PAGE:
It was hard to miss Ms. Caitlyn Jenner’s debut upon the world stage yesterday. She appeared on the cover of Vanity Fair as part of an article teaser that generated high associated media pickup and debuted a new Twitter handle, @caitlyn_jenner that created its own mini news cycle by setting a new Twitter record of reaching one million followers faster than anyone before.
In true Rorschach test fashion, people saw what they wanted to see.
Laverne Cox, herself no stranger to magazine covers, wrote an essay about Caitlin’s debut that you should go read, in which she rightfully points out that there is still much work to do to support trans people’s struggles.
Many trans women go through and sometimes live in a type of hell for their transition. For some, seeing the cis reaction Ms. Jenner and seeing her as she presented herself was triggering, and the messy and sometimes angry emotions elicited by and directed at her were on full display on the Internet.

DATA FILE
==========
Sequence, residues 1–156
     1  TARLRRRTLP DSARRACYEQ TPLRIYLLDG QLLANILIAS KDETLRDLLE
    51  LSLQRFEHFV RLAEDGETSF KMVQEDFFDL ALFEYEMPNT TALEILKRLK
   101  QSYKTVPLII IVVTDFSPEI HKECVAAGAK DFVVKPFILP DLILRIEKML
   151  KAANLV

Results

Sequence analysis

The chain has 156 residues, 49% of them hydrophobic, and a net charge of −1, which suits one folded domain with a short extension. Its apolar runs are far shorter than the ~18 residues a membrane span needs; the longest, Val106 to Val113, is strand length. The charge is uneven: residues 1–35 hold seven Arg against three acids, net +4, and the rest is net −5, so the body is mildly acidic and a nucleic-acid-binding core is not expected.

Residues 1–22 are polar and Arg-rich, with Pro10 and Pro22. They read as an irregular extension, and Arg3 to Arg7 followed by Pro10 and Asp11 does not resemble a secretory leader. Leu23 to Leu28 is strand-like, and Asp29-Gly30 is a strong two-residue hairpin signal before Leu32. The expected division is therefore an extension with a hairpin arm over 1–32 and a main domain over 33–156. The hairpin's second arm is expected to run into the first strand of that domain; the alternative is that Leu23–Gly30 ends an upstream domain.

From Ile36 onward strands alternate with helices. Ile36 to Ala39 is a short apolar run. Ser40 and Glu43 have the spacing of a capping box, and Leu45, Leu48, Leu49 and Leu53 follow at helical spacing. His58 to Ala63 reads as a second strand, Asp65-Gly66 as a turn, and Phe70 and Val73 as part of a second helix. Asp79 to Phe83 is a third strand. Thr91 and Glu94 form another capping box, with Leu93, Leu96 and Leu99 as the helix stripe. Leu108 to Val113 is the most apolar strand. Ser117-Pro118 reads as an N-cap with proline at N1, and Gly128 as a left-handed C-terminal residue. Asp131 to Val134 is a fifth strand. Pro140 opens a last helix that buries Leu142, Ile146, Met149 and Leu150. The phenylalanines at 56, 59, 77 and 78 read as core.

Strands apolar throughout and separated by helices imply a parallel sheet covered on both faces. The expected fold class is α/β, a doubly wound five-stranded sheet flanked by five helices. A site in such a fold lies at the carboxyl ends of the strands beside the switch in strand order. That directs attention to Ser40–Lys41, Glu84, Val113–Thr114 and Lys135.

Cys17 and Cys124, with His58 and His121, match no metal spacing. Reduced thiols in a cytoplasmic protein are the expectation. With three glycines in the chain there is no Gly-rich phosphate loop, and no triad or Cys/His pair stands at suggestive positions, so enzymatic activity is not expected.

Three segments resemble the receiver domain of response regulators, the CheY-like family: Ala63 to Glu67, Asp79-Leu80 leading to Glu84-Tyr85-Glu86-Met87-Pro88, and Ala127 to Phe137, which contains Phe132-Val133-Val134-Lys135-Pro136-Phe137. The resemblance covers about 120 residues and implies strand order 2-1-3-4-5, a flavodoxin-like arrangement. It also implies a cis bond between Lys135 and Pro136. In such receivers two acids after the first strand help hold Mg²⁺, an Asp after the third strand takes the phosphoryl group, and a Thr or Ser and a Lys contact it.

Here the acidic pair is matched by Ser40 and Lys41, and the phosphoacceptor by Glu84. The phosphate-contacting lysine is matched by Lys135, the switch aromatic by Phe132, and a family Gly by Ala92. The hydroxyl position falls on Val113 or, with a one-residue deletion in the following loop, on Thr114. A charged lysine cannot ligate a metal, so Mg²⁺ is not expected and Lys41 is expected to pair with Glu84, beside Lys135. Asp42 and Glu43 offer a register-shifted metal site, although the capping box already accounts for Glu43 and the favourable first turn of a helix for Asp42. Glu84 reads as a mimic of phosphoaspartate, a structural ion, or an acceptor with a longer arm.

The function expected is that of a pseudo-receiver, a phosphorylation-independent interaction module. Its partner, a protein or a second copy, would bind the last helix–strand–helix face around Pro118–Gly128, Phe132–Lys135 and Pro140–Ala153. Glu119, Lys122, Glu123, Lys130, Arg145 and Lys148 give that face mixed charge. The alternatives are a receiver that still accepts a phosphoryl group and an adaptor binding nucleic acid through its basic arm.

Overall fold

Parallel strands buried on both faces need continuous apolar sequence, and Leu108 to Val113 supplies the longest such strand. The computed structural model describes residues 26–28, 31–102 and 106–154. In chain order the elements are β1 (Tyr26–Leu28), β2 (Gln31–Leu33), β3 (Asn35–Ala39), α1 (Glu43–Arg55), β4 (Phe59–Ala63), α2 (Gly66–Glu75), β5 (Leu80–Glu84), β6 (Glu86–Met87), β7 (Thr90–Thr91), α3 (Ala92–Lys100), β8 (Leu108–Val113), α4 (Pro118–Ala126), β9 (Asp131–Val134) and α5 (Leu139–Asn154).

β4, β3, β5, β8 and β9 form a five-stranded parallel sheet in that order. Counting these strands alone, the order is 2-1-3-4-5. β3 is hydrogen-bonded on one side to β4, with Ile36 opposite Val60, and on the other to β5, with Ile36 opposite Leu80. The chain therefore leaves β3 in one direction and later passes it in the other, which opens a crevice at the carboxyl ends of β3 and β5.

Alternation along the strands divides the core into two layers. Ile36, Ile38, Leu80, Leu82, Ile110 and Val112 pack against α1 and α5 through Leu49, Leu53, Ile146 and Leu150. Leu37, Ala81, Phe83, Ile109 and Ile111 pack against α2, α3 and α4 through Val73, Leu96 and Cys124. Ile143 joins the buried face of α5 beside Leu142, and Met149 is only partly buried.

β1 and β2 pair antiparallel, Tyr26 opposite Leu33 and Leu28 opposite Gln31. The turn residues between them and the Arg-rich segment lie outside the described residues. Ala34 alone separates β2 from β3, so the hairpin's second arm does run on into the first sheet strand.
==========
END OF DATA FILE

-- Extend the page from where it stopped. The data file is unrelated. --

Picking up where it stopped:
From lack of funds to transition or afford surgeries, to social isolation and shunning by family, friends and strangers, or privilege imbalances, or any of the other myriad reasons that make living life as a trans woman hard, there are always some who will vociferously tear down others or be negative when encountering someone with more luck or privilege during transition.
I’ve watched this reflex ever since I discovered the trans community in the mid-1990’s.
While there are several things about Ms. Jenner’s public transition I find problematic and hope she publicly addresses in the future, she is, whether we all like it or not, now a part of the sisterhood and deserves our support in her transition. To do otherwise places a burden of legitimacy upon all of us to meet undefined criteria for transition.
Transition is often when we are at our most emotionally vulnerable and impressionable, and while privilege can help mitigate some of the more burdensome effects, it does not remove them. Crapping all over someone just because they’ve been lucky is churlish. It is possible to be both supportive and critical at the same time.
I wish more saw that.